Life at Home in the Twenty-First Century: 32 Families Open Their Doors by Jeanne E. ArnoldWinner of the 2014 John Collier Jr. Award
Winner of the Jo Anne Stolaroff Cotsen Prize
Life at Home in the Twenty-First Century cross-cuts the ranks of important books on social history, consumerism, contemporary culture, the meaning of material culture, domestic architecture, and household ethnoarchaeology. It is a distant cousin of Material World and Hungry Planet in content and style, but represents a blend of rigorous science and photography that these books can claim. Using archaeological approaches to human material culture, this volume offers unprecedented access to the middle-class American home through the kaleidoscopic lens of no-limits photography and many kinds of never-before acquired data about how people actually live their lives at home.
Based on a rigorous, nine-year project at UCLA, this book has appeal not only to scientists but also to all people who share intense curiosity about what goes on at home in their neighborhoods. Many who read the book will see their own lives mirrored in these pages and can reflect on how other people cope with their mountains of possessions and other daily challenges. Readers abroad will be equally fascinated by the contrasts between their own kinds of materialism and the typical American experience. The book will interest a range of designers, builders, and architects as well as scholars and students who research various facets of U.S. and global consumerism, cultural history, and economic history.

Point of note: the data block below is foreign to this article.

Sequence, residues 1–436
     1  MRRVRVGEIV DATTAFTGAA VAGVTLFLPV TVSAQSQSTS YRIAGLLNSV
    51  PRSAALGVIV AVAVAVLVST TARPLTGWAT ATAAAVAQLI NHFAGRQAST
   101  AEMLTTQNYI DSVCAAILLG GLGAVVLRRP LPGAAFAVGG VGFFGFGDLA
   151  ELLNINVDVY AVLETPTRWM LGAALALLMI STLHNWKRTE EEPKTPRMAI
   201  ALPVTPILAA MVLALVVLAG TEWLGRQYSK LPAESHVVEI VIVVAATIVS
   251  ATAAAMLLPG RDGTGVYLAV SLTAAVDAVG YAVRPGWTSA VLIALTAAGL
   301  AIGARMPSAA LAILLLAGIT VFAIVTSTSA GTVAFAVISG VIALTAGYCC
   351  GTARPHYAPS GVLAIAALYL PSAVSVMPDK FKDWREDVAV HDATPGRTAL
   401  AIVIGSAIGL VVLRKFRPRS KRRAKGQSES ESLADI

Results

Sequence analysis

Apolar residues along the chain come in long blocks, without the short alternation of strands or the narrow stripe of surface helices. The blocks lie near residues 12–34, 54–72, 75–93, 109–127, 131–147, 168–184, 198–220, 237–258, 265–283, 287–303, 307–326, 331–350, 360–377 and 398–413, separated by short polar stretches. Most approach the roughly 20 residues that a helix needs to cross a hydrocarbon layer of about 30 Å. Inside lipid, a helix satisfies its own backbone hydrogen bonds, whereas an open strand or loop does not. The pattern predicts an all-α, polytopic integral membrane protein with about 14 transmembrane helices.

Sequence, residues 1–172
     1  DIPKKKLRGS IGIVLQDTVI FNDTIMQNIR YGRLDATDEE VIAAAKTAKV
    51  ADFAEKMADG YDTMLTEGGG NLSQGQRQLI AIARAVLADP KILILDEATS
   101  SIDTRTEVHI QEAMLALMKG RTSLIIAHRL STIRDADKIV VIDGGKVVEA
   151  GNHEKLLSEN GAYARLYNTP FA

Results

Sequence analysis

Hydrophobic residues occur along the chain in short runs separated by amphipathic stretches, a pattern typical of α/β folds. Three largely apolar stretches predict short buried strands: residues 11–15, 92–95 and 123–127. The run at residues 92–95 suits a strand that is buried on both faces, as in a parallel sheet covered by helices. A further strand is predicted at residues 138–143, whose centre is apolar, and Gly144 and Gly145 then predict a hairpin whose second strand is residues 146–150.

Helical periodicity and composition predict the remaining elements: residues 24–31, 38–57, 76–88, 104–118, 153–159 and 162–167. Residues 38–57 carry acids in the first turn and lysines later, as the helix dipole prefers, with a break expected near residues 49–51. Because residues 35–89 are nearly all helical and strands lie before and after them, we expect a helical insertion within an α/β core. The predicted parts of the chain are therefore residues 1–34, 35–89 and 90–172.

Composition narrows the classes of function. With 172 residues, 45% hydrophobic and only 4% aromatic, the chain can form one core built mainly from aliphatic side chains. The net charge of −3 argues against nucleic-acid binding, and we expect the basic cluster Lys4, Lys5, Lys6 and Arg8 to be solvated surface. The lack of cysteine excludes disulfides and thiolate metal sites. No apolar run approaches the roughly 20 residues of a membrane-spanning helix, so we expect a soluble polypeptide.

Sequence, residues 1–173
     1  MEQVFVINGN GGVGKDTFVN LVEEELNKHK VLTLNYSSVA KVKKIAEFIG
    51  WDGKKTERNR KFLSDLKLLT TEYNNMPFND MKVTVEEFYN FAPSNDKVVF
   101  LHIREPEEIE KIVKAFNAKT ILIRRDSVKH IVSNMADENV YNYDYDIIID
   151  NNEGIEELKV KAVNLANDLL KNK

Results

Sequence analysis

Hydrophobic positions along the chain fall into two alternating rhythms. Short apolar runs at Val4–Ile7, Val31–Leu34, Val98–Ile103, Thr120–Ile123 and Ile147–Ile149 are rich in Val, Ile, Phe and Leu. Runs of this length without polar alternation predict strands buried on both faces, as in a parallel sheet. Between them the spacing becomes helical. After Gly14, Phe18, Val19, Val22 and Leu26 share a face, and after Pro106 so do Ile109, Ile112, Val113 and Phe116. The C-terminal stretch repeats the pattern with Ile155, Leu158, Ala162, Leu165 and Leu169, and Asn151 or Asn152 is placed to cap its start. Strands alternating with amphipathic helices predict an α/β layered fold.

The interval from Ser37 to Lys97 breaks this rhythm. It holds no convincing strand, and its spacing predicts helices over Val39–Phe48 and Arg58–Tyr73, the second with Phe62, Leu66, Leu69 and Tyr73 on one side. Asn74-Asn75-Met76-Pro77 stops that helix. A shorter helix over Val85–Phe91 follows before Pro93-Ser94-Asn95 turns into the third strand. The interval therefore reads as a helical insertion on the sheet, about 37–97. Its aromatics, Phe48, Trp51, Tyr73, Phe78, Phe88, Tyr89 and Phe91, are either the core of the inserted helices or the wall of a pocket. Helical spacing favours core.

Capital in the Twenty-First Century [Slides+Audio]
ISBN 13: 9781931745611
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This book documents major findings of a brilliantly conceived and executed piece of social science research that speaks to a very wide and diverse audience. Its findings are significant, credible, and provocative. In my opinion, it is one of the most significant social-science projects undertaken in the United States, demonstrating the power of anthropological and archaeological approaches to researching human behavior, whether in a traditional tribal society or in an industrial megalopolis. The discussions are filled with interesting insights that could only have come from a first-hand study of household material culture. The flow of everyday life in relation to places defined by objects provides a refreshing and unique perspective on human behavior.
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A Cluttered Life: Middle-Class Abundance
Imagine that a team of anthropologists made a study of your neighbourhood and immersed themselves in your daily life. What would they find? Arnold et al. The team recruited 32 families, all home owners in the Los Angeles area. Each family had two parents working full-time, and at least one child between the ages of 7 and Their goal was to see how the families interacted with their possessions: how many things they owned, and how their belongings affected their behaviour. The study took place from , just before the advent of smart phones, tablets, and flat screen TVs.